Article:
Somali militant turns democrat


Last year Mukhtar Robow had a $5 million US bounty on his head. Now the former Islamist al Shabaab militant has downed his guns and donned the garb of a democrat.

Robow is not the first ex-militant to enter Somali politics the momentum behind his bid to become a regional leader has turned his effort into a watershed moment in the stand-off between federal government and Somali’s seven semi-autonomous regions.

How Mogadishu and the states ultimately find ways to share power – including via elections such as the December 5 vote in South West state where Robow is running – is critical.
“It’s a pivotal point in the confrontation between government and federal member states, probably a greater threat to Somalia’s security than al Shabaab itself,” said Matt Bryden of the Nairobi-based think tank Sahan Research.

The confrontation is being played out through Robow, a key figure in the country’s troubled recent history.

Somalia has been trying to claw its way out of the civil war that engulfed it in 1991, when clan warlords overthrew a dictator and then turned on each other.

Al Shabaab has been fighting for more than a decade to topple central government and implement strict Islamic law, often sending suicide bombers against civilian targets.

Once a charismatic spokesman for the group known for military fatigues and long beard, Robow fell out with the leadership in 2013 following a power struggle.

He laid low with his militia for several years before renouncing violence and recognising the authority of the federal government in August 2017. He is running as an independent.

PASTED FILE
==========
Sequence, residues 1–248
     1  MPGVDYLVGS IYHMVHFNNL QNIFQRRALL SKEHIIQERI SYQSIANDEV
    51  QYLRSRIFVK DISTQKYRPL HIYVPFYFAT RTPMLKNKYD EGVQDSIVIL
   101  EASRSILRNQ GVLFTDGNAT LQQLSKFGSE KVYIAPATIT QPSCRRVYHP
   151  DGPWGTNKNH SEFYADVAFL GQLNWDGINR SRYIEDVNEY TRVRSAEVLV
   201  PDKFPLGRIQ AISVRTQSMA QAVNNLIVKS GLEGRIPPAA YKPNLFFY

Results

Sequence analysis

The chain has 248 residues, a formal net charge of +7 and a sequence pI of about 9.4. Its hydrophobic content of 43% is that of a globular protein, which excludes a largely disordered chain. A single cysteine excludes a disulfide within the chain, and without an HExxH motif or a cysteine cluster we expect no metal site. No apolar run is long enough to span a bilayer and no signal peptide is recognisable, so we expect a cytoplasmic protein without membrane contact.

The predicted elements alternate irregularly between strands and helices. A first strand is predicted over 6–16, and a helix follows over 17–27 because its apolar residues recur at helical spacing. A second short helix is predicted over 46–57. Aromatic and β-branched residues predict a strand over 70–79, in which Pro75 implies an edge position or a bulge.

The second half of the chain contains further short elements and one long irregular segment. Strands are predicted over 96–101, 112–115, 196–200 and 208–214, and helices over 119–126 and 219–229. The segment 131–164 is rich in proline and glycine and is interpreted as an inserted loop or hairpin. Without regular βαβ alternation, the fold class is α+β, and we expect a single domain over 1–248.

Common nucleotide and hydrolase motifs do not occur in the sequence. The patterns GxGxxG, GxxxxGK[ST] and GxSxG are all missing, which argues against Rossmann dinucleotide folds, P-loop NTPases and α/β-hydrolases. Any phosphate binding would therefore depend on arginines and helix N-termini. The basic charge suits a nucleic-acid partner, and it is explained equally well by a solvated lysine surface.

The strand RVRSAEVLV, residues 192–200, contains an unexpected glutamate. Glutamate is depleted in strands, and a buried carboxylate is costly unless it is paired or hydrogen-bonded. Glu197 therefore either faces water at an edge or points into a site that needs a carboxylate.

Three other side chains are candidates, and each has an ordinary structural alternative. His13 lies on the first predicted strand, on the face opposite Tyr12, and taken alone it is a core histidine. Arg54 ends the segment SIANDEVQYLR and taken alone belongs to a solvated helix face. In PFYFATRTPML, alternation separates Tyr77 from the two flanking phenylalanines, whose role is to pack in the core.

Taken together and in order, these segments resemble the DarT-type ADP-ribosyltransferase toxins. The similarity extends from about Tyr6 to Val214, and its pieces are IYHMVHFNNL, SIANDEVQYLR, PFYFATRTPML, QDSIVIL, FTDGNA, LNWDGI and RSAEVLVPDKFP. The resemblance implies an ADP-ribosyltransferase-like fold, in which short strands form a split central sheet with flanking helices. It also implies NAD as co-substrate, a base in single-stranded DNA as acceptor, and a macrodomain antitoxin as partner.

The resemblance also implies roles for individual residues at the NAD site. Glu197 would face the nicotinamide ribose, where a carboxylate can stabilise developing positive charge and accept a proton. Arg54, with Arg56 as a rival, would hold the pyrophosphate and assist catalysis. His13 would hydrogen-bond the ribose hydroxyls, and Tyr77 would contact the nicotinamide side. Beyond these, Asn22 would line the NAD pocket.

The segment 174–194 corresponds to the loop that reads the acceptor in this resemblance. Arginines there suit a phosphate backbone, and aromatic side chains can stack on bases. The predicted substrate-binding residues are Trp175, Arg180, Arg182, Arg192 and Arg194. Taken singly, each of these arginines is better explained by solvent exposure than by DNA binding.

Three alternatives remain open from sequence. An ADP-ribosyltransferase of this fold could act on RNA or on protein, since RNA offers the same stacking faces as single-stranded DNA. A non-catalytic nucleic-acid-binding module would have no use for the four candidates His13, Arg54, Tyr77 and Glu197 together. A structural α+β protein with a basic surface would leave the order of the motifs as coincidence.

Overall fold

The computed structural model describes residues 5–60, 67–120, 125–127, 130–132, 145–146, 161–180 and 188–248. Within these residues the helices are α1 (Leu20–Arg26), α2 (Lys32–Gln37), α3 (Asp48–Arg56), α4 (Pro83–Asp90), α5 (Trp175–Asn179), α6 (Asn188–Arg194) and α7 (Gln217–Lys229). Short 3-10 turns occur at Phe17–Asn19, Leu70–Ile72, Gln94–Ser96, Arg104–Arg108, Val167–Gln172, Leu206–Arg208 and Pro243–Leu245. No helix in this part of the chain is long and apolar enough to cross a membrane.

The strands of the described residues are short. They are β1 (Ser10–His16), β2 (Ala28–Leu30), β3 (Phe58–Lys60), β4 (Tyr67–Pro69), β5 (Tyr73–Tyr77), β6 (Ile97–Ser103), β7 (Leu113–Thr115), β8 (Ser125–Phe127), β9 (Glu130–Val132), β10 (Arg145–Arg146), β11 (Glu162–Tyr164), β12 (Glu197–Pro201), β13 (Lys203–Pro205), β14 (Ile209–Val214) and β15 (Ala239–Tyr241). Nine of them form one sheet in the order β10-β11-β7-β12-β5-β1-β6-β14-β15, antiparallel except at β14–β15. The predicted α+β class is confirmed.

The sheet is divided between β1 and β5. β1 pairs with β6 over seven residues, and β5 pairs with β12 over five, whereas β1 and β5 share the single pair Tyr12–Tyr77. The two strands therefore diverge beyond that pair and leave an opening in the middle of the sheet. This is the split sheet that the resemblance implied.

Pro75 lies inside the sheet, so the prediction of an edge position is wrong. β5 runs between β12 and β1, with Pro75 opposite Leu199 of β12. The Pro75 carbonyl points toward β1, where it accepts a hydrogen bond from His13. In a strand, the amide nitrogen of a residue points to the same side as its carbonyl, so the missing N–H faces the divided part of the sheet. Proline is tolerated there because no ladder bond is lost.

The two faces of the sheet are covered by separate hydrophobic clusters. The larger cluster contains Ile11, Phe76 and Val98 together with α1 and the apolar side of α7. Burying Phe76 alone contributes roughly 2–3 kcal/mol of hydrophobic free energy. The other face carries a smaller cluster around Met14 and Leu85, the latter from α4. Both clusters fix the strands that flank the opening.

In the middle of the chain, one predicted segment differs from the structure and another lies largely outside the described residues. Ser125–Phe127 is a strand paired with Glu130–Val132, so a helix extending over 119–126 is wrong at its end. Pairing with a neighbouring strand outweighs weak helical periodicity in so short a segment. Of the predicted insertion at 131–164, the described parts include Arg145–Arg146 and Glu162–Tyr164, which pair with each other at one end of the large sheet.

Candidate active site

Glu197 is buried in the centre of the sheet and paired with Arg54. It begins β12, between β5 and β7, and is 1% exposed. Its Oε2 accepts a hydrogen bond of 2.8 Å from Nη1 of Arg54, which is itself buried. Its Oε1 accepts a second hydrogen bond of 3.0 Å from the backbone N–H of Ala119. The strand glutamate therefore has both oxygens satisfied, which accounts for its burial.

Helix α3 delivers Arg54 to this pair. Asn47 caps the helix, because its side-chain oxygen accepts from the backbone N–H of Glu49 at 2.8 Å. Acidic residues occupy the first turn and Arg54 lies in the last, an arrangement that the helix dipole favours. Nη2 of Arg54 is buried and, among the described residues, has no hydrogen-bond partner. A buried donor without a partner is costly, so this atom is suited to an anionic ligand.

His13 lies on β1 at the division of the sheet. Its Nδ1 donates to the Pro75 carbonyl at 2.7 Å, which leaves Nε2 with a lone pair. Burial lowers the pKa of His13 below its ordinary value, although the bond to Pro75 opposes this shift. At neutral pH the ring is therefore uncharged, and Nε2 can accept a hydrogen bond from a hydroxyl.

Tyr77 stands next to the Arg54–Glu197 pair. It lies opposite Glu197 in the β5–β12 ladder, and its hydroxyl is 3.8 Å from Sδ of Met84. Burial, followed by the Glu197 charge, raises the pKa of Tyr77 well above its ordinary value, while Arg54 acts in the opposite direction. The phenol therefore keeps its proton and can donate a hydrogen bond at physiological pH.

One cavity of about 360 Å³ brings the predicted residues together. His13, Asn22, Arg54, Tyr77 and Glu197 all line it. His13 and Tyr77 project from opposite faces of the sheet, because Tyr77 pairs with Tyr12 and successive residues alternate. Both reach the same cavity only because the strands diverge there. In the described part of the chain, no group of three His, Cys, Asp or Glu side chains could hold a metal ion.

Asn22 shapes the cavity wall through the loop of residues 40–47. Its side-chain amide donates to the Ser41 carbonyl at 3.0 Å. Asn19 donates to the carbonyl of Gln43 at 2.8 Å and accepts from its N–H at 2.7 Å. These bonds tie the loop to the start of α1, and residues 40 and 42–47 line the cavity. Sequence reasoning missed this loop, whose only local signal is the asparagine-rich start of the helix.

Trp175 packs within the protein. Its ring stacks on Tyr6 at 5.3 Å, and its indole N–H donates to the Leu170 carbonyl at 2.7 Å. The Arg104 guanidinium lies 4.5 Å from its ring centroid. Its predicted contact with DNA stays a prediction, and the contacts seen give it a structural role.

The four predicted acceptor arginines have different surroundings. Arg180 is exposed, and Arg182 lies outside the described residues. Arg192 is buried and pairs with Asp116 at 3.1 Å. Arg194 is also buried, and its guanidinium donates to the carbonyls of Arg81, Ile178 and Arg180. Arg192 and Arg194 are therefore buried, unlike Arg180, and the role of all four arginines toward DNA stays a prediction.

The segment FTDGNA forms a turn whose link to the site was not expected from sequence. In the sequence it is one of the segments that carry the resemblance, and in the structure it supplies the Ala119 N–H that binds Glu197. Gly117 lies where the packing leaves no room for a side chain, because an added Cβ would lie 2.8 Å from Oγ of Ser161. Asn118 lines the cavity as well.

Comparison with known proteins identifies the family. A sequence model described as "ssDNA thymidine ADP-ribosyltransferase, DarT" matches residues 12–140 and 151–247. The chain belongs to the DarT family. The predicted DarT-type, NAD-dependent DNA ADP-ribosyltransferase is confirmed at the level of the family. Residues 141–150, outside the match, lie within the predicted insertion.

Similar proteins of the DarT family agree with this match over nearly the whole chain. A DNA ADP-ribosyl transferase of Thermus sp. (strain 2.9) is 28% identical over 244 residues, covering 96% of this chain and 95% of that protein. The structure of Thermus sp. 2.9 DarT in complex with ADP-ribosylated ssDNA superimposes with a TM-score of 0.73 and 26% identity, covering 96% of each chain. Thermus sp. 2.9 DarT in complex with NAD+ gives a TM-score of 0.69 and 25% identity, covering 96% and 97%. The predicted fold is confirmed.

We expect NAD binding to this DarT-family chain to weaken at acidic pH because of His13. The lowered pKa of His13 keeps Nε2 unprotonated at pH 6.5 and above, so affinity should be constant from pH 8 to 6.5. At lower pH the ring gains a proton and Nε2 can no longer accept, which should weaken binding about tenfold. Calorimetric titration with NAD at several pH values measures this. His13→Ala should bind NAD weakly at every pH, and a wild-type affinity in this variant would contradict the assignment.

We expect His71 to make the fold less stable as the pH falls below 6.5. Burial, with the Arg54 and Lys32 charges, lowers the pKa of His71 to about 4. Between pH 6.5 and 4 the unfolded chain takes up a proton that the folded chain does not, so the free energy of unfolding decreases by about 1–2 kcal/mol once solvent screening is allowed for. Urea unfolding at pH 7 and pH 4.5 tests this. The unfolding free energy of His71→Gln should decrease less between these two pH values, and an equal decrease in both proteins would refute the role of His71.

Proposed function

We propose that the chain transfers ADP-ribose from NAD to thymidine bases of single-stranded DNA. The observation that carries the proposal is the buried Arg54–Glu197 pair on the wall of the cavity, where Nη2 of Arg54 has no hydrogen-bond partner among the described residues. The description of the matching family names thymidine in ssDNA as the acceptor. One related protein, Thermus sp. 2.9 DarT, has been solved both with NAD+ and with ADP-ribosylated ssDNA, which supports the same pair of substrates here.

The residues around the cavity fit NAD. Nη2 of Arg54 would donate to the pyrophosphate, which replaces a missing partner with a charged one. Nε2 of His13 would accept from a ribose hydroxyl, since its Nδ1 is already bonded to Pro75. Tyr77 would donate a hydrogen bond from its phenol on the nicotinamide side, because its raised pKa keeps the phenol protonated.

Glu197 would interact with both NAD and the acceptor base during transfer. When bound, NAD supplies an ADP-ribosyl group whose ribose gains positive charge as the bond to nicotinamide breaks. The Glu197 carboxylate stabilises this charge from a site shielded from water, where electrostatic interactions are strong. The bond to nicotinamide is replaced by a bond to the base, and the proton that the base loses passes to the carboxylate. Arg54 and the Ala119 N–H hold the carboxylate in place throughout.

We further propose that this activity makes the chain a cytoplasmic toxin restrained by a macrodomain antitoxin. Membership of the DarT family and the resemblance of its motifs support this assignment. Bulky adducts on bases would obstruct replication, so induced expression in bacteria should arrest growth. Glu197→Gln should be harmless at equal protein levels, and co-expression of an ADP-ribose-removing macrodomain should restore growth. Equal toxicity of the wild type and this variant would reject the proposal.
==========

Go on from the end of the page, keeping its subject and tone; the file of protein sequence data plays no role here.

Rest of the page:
During this time the US withdrew a $5 million reward for information leading to his capture and removed him from the list of sponsors of terrorism, although other international sanctions remain on him.

The former insurgent, who once trained with the Taliban, cast himself in a civilian role, donning dark suits and a clerical cap. After the Shabaab bombing that killed around 500 last year, Robow was photographed donating blood.

On Sunday, the state electoral commission announced it accepted his candidature, dismissing federal demands he be barred because of remaining US Treasury sanctions.

Other states like Jubbaland and Puntland, with own polls slated for the coming months, are watching closely whether government again attempts to block Robow’s candidacy.
“If they (government) try to force the candidate people want out, they can do that in other areas. Then there will be no peace,” a senior Somali regional official told Reuters.

Somalia’s ministry of information did not respond to requests for comment on Robow’s case after the Sunday ruling of the election commission.


Robow allies and some analysts suggest central government is less concerned with his past and more worried his popularity with the Rahanweyn clan – one of Somalia’s most powerful – will propel him to victory ahead of their chosen candidate.

Robow himself has not yet reacted publicly, but hours after submitting his papers to the electoral commission, five other candidates threw their support behind him.
“All the intellectuals, youth and traders of South West state, have decided Sheikh Mukhtar Robow will be our candidate,” Hassan Haji, himself a candidate, said after the commission’s announcement.

Robow is campaigning on a security card, promising in an October rally: “If I win, I will eliminate al Shabaab militants, bandits in government uniforms and other clan militias who disturb our South West state.”

For many Somalis, Robow’s rehabilitation as a politician is a step too far. Much online debate about him refers to attacks he helped co-ordinate with al Shabaab.

Despite their misgivings and those of central government, Robow could be a potential thorn in al Shabaab’s side, some analysts believe.

Rashid Abdi of the International Crisis Group think tank argued allowing him to stand for office could be portrayed as a propaganda coup for central government as it tries to encourage more insurgent defections.
“It’s about people seeing the potential of democracy,” he said. “If there’s no reward for coming over, it just encourages a fight to the death.”